- Francis D, Krishnaswami S, McPheeters M. Treatment of Ankyloglossia and Breastfeeding Outcomes: A Systematic Review. Pediatrics. 2015;135(6):e1458-e1466.
- Power R, Murphy J. Tongue-tie and frenotomy in infants with breastfeeding difficulties: achieving a balance. Archives of Disease in Childhood. 2014;100(5):489-494.
- Segal L, Stephenson R, Dawes M, Feldman P. Prevalence, diagnosis, and treatment of ankyloglossia: methodologic review. Canadian Family Physician. 2007;53(7):1027-1033
- The International Affiliation of Tongue-tie Professionals. Definition of tongue-tie 2015
- Finigan V, Long A. The effectiveness of frenulotomy on infant-feeding outcomes: A systematic review. Evidence Based Midwifery. 2013;11(2):5.
- Ito Y. Does frenotomy improve breast-feeding difficulties in infants with ankyloglossia?. Pediatrics International. 2014;56(4):497-505.
- Webb A, Hao W, Hong P. The effect of tongue-tie division on breastfeeding and speech articulation: A systematic review. International Journal of Pediatric Otorhinolaryngology. 2013;77(5):635-646.
- Suter V, Bornstein M. Ankyloglossia: Facts and Myths in Diagnosis and Treatment. Journal of Periodontology. 2009;80(8):1204-1219.
- National Institute for Health and Clinical Excellence. IPG149 Division of ankyloglossia (tongue tie) for breastfeeding – information for the public. London 2015. p. 12.
- Brinkmann S, Reilly S, Meara J. Management of tongue-tie in children: A survey of paediatric surgeons in Australia. Journal of Paediatrics and Child Health. 2004;40(11):600-605.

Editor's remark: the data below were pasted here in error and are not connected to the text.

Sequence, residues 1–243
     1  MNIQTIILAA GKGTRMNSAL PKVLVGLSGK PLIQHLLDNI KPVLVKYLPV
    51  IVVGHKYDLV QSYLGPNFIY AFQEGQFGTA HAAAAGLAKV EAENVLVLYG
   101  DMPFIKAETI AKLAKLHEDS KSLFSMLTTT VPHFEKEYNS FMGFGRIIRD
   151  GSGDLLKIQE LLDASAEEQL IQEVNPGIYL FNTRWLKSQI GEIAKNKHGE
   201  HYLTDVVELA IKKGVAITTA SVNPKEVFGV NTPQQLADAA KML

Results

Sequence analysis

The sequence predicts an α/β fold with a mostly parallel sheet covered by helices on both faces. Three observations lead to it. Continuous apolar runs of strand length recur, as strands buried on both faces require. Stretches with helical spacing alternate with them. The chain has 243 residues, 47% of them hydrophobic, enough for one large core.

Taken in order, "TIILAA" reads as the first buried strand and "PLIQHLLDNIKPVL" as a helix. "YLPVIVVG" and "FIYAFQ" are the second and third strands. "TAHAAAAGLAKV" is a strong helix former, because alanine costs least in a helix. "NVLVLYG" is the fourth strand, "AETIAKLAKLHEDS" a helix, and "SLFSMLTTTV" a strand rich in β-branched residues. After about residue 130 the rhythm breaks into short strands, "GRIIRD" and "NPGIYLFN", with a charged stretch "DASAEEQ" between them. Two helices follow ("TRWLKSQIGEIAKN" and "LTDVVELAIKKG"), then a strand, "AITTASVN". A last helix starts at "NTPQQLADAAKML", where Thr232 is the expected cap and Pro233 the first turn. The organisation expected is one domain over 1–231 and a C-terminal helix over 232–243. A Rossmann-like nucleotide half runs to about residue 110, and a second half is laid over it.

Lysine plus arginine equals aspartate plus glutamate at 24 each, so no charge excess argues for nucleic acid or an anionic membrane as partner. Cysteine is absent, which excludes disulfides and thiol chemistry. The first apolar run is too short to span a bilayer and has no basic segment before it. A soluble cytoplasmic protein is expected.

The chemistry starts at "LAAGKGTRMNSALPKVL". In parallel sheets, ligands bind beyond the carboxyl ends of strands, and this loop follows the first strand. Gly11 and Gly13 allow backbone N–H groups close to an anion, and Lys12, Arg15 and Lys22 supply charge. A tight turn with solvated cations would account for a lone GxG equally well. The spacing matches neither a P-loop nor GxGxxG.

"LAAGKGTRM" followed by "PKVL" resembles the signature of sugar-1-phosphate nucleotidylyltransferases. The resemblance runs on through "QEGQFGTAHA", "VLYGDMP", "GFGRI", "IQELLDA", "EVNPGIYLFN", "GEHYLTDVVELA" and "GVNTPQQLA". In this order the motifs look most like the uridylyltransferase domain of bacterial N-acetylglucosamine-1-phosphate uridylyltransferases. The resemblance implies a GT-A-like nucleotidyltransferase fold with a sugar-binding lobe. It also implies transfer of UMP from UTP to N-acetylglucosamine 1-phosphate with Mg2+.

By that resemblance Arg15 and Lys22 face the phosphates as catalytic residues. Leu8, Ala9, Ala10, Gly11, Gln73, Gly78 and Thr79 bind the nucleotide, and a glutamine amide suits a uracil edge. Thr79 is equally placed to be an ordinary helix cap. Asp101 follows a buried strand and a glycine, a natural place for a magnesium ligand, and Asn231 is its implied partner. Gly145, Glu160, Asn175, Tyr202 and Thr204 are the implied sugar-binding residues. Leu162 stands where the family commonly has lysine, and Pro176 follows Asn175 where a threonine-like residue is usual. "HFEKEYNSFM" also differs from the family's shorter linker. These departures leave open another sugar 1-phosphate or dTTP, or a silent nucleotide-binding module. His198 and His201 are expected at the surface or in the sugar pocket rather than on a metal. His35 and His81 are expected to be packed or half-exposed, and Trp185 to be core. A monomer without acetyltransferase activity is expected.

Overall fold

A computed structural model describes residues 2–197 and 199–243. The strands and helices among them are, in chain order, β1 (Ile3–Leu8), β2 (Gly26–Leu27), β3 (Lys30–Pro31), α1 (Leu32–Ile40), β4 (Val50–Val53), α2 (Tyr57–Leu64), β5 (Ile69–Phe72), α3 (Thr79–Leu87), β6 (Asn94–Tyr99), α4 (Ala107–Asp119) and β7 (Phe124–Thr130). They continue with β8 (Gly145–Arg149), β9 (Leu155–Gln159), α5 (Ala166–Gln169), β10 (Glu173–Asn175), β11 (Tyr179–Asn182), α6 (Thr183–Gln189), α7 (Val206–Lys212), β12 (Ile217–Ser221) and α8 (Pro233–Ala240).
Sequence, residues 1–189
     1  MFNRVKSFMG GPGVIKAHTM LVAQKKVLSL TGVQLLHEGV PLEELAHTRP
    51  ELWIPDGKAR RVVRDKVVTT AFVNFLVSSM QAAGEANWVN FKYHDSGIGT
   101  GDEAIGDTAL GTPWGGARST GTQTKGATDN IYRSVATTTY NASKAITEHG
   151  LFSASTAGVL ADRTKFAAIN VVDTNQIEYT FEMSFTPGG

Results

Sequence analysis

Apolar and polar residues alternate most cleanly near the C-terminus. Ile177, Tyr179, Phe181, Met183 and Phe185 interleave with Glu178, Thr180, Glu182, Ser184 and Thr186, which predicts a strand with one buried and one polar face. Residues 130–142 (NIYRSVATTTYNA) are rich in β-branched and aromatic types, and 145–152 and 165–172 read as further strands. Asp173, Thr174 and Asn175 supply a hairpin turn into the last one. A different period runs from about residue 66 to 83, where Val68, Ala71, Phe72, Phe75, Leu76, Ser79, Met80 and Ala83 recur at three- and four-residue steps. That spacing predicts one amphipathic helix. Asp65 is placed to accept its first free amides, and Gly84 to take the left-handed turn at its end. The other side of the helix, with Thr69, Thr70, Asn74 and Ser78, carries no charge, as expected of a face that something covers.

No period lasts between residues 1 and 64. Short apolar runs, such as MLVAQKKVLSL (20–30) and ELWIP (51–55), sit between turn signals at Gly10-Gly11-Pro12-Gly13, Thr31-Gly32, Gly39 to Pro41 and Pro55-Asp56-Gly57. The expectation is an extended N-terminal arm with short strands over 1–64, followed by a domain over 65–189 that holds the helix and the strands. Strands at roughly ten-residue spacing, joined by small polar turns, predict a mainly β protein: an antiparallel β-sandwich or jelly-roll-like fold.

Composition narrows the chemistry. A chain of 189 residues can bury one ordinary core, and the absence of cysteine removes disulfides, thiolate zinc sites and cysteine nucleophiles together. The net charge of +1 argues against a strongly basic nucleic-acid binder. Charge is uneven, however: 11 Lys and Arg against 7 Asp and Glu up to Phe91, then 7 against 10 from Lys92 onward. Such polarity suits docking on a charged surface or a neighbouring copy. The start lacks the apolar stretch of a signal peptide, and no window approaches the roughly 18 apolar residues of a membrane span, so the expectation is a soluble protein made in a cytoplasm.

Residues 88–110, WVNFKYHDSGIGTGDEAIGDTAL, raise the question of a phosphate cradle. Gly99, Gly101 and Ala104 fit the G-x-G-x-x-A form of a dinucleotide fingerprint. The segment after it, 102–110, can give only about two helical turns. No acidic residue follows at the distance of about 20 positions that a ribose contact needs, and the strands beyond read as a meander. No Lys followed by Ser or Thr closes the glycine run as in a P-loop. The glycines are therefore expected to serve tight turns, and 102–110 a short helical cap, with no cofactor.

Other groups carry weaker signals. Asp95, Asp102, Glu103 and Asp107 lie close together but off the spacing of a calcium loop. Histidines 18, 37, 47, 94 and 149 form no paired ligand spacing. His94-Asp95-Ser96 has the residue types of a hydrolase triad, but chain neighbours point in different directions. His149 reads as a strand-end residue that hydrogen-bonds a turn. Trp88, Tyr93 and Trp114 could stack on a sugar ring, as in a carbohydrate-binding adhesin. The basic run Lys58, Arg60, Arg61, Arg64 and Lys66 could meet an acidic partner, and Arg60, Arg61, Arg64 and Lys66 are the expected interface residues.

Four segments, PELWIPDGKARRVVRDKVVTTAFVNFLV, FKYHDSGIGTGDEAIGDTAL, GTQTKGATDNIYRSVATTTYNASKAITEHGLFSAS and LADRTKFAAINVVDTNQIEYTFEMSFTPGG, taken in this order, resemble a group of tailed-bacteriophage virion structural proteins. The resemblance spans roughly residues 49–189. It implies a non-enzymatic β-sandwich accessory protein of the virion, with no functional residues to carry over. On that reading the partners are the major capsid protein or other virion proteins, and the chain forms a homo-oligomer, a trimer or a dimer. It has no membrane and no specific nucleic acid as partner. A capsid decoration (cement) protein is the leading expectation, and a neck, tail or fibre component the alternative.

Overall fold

- Messner A, Lalakea M. Ankyloglossia: controversies in management. International Journal of Pediatric Otorhinolaryngology. 2000;54(2-3):123-131.
- Boffey D. Concern over delays to treatment of babies suffering from tongue-tie: theguardian.com; 2014
- McAndrew F, Thompson J, Fellows L, Large A, Speed M, Renfrew MJ. Infant Feeding Survey 2010. 2012.
- Practitioners AoT-T. Tongue-tie Information and Infant Feeding Issues. 2013
- Association of Tongue-Tie Practitioners. Tongue-Tie Leaflet Online 2014
- British Medical Association. The interface between NHS and private treatment: a practical guide for doctors in England,Wales and Northern Ireland. Guidance from the BMA Ethics Department. London2009. p. 14.
- Edmunds J, Fulbrook P, Miles S. Understanding the Experiences of Mothers Who Are Breastfeeding an Infant with Tongue-Tie. Journal of Human Lactation. 2013;29(2):190-195.
- Edmunds J, Miles SC, Fulbrook P. Tongue-tie and breastfeeding: a review of the literature. Breastfeeding Review. 2011;19(1):19-26.
- Puapornpong P, Raungrongmorakot K, Mahasitthiwat V, Ketsuwan S. Comparisons of the latching on between newborns with tongue-tie and normal newborns. Journal of the Medical Association of Thailand. 2014;97(3):255-9.
- Ngerncham S, Laohapensang M, Wongvisutdhi T, Ritjaroen Y, Painpichan N, Hakularb P, et al. Lingual frenulum and effect on breastfeeding in Thai newborn infants. Paediatrics And International Child Health. 2013;33(2):86-90